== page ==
Wednesday, March 07, 2007


New York Post

Eliot is taking this battle to the next degree...can you honestly recall the last time anybody has seen so much emotion and dedication to a cause coming from the governor's office??? andy

March 7, 2007 -- In an unusual, direct appeal to more than 1,000 hospital-board members, Gov. Spitzer sent out a stinging letter questioning their opposition to modest budget cuts as health-care executives rake in million-dollar salaries and allegedly waste public dollars and mismanage facilities.
"How can it be that those same hospitals that claim poverty and demand billions of dollars in state subsidies can afford to pay their executives multimillion-dollar salaries?" Spitzer wrote in the letter.
At issue is the public war between Spitzer and a coalition of the Greater New York Hospital Association and hospital-workers union Local 1199 over the governor's proposed $1.2 billion in cuts to New York's highest-in-the-nation Medicaid costs.
The coalition is spending $1 million a week on TV ads blasting Spitzer's health-care budget as "devastating."
A former hospital board member himself, the governor told trustees that he appealed to them directly because "interest groups that represent your hospitals" - GNYHA and 1199 - were distorting his plan.
Spitzer spokeswoman Christine Anderson said the governor wanted to directly "engage" board members "because these are people who would be inclined to support the governor's reform efforts, if they knew the facts."
In his letter, Spitzer asks: "How can it be that the same hospitals that claim poverty and demand billions of dollars in state subsidies can afford to sustain a $65 million 'education fund,' contribute $22.5 million to political campaigns since 1999, and spend $12.7 million on lobbying since 2003?"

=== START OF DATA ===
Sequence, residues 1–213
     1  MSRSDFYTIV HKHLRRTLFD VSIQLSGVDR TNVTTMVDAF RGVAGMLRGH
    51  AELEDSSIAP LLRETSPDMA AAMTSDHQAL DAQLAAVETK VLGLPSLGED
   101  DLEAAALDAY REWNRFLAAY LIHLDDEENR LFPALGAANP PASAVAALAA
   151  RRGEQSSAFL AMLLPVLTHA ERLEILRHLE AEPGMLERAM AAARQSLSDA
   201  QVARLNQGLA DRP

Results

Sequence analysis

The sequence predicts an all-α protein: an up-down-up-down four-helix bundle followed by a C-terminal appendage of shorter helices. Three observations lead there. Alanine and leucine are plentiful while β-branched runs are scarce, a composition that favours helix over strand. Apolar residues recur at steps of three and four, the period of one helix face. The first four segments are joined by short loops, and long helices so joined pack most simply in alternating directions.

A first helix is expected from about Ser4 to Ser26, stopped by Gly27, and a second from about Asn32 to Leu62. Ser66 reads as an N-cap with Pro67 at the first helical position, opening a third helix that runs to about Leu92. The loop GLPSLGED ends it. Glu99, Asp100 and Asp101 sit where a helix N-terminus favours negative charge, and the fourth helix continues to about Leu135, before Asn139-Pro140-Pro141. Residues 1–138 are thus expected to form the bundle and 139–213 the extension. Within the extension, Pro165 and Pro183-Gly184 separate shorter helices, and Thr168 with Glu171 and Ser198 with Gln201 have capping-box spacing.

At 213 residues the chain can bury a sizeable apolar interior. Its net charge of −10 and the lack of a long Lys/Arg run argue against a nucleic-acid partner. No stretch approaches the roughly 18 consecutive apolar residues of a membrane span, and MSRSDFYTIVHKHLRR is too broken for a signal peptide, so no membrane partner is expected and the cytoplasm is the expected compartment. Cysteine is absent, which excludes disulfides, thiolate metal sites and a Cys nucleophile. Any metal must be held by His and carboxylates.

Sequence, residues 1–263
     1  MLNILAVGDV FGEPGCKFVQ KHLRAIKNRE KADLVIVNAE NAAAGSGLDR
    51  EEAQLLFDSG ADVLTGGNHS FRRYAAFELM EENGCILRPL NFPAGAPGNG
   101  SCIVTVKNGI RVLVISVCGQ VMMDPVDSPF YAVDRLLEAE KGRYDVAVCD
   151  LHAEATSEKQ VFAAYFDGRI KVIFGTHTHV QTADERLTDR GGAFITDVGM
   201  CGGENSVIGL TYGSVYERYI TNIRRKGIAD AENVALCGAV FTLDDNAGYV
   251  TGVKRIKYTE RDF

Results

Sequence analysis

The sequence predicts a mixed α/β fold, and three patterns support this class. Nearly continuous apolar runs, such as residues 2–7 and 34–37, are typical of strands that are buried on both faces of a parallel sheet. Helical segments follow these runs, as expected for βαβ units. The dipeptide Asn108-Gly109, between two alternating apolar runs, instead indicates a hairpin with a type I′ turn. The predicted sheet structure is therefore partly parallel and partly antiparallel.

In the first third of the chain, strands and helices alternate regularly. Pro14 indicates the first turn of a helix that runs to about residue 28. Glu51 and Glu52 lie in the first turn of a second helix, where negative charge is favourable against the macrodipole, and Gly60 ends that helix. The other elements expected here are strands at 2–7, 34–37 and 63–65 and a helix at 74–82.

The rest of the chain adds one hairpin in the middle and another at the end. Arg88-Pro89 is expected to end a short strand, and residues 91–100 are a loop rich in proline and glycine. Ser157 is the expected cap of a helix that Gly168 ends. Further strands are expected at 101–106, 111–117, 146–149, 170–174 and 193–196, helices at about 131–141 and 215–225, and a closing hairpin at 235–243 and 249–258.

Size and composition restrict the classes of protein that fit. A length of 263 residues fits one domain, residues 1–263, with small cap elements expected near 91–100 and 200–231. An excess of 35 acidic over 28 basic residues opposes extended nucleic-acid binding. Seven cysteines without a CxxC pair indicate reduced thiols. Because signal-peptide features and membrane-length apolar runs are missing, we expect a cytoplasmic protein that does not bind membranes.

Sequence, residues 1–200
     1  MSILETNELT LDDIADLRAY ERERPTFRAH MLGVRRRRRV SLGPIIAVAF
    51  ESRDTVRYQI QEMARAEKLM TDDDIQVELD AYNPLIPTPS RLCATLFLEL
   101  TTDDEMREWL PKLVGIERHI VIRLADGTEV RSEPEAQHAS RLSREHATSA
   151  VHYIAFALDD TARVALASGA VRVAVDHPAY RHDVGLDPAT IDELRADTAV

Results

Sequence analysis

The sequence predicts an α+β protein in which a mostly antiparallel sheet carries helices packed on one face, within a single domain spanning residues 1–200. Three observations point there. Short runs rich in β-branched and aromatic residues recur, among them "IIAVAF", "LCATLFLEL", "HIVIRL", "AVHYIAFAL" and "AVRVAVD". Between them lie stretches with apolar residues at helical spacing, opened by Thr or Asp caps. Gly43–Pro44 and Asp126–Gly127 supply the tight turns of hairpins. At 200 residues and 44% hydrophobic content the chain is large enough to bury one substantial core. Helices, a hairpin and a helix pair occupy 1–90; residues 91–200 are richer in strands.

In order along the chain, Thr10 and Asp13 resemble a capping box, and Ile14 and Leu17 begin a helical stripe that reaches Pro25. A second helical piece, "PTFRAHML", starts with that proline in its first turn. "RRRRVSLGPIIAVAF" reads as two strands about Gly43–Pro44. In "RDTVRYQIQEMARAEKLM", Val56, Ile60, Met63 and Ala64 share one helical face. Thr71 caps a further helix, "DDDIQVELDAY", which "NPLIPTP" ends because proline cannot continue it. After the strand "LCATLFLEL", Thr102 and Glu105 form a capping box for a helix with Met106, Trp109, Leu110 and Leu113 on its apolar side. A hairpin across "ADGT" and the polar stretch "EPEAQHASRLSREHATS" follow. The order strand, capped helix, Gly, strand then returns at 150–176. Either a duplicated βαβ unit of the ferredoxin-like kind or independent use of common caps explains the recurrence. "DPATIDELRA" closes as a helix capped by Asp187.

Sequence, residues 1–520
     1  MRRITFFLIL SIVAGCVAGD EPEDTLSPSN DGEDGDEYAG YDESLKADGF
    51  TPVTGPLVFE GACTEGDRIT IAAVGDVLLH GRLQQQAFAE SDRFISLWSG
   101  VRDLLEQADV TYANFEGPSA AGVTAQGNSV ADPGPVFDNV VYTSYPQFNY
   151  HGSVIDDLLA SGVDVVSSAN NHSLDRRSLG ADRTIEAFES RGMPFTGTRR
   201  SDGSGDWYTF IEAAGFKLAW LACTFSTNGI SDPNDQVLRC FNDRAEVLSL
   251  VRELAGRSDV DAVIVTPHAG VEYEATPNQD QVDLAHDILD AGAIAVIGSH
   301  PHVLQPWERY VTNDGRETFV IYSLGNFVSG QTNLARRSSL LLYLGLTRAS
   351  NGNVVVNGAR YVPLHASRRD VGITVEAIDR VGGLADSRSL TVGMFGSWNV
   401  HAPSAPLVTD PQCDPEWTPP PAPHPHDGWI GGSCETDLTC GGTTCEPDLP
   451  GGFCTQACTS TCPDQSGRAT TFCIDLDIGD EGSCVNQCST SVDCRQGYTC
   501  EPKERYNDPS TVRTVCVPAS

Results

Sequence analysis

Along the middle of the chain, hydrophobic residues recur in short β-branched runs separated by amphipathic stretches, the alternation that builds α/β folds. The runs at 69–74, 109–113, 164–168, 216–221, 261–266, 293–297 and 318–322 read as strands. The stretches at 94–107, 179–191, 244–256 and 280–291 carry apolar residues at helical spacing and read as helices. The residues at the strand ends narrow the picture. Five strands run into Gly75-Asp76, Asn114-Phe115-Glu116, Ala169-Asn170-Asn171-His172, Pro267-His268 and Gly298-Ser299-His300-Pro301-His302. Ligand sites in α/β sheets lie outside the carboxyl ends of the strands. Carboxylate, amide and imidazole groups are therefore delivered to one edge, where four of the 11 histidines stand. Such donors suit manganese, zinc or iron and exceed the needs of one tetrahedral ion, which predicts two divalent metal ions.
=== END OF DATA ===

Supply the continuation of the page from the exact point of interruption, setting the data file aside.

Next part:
Spitzer also tried to appeal to the financial acumen of the many CEOs who sit on the hospital boards, including Loews Corp.'s James Tisch (Mount Sinai), Citigroup's Lewis Kaden (Continuum Health System) and Morgan Stanley's John Mack (New York-Presbyterian).
"Don't smart management principles dictate that hospitals will be able to absorb this minimal and short-term revenue loss - just 0.2% of New York's hospitals' total operating revenue?" Spitzer wrote.
Spitzer said that his budget actually expands health coverage to the uninsured and asked, "Doesn't that have to be the state's first priority?"
GNYHA replied: "The budget has nothing to do with executive compensation. It has everything to do with cutting a hospital's ability to care for the poor and uninsured.

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